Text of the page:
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Looking for a holiday feel-good movie with an inspirational message? A family-friendly tale of father-son devotion that uses the F-word in a heartwarming way? A spiritual flick that embodies some of the highest ideals of Judaism, Christianity, Islam, Buddhism, Hinduism, and Scientology? Then go see “The Pursuit of Happyness,” Will Smith’s latest star turn.

But be warned: Although this movie may have warmed my heart, it also left me feeling sullied for buying into the uplift.

The movie is inspired by the true story of Chris Gardner, a regular guy who endured joblessness, poverty, homelessness, and the breakup of his marriage as he struggled to take care of his young son and regain his footing on the path to the American Dream. After miraculously landing an unpaid internship with a brokerage firm in San Francisco, Gardner manages through sheer grit and apparently inexhaustible drive to win the one paying job awarded at the end of the program.

In the movie’s final moments, as we watch Chris and his five-year-old son, Christopher (played with amazing grace by Smith’s seven-year-old son, Jaden, in his film debut), walk off into their bright future, the audience learns that Gardner lived wealthily every after–starting his own investment firm and eventually selling it for many millions of dollars. Fade to black.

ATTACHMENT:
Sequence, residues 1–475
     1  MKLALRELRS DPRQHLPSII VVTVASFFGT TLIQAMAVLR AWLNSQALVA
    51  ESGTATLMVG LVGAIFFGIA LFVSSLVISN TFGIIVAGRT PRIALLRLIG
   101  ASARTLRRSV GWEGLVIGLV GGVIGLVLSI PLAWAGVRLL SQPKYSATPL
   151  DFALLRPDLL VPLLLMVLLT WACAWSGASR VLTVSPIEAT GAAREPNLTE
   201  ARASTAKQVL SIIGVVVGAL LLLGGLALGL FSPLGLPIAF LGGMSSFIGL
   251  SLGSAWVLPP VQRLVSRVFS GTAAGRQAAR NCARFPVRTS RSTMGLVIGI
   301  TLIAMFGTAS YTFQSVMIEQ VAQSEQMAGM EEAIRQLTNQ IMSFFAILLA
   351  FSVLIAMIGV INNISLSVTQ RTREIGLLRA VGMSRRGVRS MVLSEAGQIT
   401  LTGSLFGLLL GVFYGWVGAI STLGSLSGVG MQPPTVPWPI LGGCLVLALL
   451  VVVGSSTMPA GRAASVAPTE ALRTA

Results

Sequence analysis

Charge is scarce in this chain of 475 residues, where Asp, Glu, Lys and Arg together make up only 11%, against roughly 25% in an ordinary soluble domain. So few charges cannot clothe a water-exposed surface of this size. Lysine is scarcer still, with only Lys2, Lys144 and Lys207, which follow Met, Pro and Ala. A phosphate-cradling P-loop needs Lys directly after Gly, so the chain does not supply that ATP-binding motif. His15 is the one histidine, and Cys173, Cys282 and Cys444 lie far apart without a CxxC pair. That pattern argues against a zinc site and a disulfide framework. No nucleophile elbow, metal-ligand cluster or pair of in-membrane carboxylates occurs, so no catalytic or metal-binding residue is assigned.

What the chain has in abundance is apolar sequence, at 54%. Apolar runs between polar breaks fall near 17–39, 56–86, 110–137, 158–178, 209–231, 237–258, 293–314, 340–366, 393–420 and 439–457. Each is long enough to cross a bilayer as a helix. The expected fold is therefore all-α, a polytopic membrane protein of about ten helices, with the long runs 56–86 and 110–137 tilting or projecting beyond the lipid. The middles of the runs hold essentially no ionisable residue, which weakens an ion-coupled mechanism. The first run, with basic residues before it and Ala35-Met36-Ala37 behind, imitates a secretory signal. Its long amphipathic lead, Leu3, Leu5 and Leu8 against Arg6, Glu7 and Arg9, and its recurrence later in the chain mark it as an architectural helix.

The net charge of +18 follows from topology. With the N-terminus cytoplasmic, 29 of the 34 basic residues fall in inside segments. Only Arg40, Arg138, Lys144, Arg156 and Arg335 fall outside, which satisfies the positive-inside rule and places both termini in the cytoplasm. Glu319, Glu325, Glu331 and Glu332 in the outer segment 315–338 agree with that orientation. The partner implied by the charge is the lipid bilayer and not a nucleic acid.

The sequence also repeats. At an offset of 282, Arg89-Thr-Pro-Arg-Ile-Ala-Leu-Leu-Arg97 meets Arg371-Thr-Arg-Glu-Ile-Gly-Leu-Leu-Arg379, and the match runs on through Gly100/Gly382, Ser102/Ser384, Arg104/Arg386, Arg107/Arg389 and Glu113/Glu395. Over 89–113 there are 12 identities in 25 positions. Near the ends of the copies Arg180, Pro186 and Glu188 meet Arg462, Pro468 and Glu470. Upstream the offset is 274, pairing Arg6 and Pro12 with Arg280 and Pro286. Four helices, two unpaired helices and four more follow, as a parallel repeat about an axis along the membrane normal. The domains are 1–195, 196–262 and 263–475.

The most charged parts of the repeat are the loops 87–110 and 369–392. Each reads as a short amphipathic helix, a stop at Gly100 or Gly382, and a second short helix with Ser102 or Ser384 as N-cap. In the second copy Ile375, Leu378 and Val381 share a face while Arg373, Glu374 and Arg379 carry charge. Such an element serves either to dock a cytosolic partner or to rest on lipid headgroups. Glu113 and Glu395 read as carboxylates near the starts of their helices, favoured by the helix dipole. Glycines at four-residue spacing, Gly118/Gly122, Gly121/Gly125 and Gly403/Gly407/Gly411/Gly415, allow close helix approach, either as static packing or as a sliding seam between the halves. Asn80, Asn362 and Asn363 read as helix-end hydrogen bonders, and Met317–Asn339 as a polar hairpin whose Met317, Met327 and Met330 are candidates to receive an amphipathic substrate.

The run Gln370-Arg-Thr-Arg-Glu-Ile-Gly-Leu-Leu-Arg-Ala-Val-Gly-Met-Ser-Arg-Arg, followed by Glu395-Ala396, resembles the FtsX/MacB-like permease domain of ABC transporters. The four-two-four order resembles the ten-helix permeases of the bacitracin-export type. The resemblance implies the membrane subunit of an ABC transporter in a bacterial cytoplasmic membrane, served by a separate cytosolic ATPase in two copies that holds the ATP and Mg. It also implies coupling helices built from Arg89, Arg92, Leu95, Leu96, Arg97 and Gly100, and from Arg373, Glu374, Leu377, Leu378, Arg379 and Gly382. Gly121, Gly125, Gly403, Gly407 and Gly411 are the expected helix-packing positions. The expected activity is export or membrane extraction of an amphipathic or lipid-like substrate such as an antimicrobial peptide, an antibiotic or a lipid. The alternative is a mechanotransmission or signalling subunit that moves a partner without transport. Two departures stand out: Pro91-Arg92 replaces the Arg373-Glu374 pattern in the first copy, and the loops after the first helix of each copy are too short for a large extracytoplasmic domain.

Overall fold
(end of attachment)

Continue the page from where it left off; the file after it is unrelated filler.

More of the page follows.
That’s it? Yes, it’s an extraordinary story, but what happened to the gripping storyline about the gaping chasm between the haves and the have nots? Did the real-life Gardner became a kinder, gentler person after seeing what it was like at the bottom? We never find out. This modern-day Horatio Alger tale eventually becomes unhinged from its larger messages about love, loyalty, and courage in a heartless world, and stops worrying altogether about the poorest among us.

Don’t get me wrong: I was completely seduced by the charming Smith and his adorable son, as they wring genuine angst and pathos out of this tale of one man’s testing. And I mean testing: Gardner’s trials and tribulations make Job’s look tame. In the end, though, I felt seduced and abandoned by this beautifully crafted movie with its garbled message.

Sure, there was faith aplenty in this film–faith in the power of love, faith in oneself, faith in one another–even faith in the Lord, conveyed in a brief but powerful scene depicting a gospel service at a homeless shelter in San Francisco’s Tenderloin district. Too bad that the faith that saved the day was faith in the “Almighty Dollar.”

— Alice Chasan

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